* a’ is the A above middle C.
2 sopranos and string quartet
From the Geometrics CD
The Shore is a point of departure. The meaning of that is very different and personal for each of us. For one person, it may be a physical place. For another, it may symbolize a relationship or a bitter chapter in life. Regardless of how it is manifested, the Shore holds very personal experiences, emotions and memories. Departure’s face also wears many expressions—a withdrawal, a turning, an escape, or a reluctant and mournful farewell. No matter what your Shore or exodus looks like, allow The Shore to represent it.
The string writing here is programmatic, which is to say that it paints with sound the imagery depicted in the text. As a piece that speaks of departure, it seemed appropriate to close this collection with The Shore.
The score below is in the key of B. A version in the key of A is also available. Contact me if you are interested in that.
Voice(s) and Chamber Ensemble
vocal quartet, string quartet and guitar
From the Geometrics CD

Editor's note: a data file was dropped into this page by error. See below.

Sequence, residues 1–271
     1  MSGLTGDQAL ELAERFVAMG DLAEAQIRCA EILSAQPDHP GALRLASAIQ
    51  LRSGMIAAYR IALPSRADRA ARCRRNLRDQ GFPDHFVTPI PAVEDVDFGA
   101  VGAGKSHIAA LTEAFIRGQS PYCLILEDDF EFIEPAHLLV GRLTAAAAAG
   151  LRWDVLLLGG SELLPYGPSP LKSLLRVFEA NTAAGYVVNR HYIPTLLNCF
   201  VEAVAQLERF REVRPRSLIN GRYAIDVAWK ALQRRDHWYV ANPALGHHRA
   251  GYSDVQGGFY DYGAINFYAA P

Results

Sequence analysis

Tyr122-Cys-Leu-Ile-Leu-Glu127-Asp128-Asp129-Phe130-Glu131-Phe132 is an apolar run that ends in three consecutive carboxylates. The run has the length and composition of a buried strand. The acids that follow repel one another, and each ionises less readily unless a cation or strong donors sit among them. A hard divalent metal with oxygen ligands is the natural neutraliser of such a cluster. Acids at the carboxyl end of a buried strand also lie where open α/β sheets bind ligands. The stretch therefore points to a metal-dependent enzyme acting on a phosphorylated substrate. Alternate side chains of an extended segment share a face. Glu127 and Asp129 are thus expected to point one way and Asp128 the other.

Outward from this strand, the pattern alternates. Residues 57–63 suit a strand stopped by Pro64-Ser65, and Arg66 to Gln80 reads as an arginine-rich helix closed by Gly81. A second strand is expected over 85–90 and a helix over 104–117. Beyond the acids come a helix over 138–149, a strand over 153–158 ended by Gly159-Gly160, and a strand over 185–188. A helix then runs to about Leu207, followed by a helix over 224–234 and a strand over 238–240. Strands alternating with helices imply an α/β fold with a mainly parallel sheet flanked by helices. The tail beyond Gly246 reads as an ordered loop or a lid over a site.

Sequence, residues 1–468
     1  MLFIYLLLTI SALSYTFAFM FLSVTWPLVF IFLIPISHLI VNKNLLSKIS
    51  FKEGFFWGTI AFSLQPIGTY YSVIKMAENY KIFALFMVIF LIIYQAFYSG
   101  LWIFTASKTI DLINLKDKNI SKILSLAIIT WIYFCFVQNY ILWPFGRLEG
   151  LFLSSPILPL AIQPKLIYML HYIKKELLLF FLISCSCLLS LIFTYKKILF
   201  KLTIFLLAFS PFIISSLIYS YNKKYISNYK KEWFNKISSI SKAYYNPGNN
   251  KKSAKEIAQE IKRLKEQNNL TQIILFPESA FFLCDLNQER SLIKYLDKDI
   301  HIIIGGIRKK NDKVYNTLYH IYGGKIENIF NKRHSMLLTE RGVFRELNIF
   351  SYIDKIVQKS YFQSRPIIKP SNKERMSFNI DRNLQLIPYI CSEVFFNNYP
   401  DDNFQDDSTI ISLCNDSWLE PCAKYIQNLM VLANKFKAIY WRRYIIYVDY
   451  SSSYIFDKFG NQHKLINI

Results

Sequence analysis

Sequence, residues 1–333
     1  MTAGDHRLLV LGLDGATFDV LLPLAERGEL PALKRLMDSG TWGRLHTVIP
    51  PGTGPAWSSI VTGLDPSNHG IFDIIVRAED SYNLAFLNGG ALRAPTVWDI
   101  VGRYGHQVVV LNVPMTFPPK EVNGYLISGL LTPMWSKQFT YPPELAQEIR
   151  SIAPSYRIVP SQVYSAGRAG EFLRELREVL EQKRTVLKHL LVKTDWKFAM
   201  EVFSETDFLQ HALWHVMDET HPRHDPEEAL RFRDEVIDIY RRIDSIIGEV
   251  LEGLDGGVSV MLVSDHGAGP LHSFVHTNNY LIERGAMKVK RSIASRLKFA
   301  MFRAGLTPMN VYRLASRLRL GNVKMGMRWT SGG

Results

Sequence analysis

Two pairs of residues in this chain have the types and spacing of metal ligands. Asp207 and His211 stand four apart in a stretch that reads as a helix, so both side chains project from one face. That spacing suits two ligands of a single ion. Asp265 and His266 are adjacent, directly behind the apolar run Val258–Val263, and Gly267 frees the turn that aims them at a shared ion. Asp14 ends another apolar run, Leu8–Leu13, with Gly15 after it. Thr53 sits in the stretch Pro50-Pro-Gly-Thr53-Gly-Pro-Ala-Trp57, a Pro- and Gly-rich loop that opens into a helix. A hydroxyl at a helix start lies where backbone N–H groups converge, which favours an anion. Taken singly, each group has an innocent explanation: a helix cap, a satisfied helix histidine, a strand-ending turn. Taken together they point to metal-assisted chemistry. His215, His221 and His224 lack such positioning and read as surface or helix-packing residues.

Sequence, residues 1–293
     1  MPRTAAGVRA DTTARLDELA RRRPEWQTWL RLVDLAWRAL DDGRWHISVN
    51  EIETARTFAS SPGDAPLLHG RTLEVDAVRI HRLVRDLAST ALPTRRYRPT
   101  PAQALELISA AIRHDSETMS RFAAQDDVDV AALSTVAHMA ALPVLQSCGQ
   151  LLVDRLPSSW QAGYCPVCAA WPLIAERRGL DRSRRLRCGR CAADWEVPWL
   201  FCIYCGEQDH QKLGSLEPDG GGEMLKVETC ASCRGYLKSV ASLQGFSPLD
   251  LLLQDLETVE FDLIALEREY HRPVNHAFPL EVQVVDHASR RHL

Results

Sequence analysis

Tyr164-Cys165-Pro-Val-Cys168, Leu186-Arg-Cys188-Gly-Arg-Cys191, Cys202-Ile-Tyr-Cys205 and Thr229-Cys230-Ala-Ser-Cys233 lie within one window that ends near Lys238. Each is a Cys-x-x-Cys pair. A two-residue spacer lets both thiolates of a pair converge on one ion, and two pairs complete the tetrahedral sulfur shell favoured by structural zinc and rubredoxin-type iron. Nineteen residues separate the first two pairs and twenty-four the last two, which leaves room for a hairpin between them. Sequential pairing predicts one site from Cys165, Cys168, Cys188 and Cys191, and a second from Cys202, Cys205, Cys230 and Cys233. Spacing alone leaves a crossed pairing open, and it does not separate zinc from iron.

The opening section in Family Tree was influenced by a short film I saw years ago entitled Tango, by director Zbigniew Rybczynaki. In this film, brief, silent scenes by individual characters are successively introduced, repeated, and layered upon one another all in the same, small room. Following the introduction of each character, what becomes more intriguing than the individual scenes is how the characters interact with each other in that small space. It is this same concept and technique that is applied to the opening section here in Family Tree. The guitar, strings, and four voices are successively introduced and repeated, with each new “character” being layered upon the previous. As in Tango, the increasing juxtaposition of independent lines confined to a short space in time (four to eight bars) creates a vertically growing texture that, to me, provokes as much interest as the individual parts.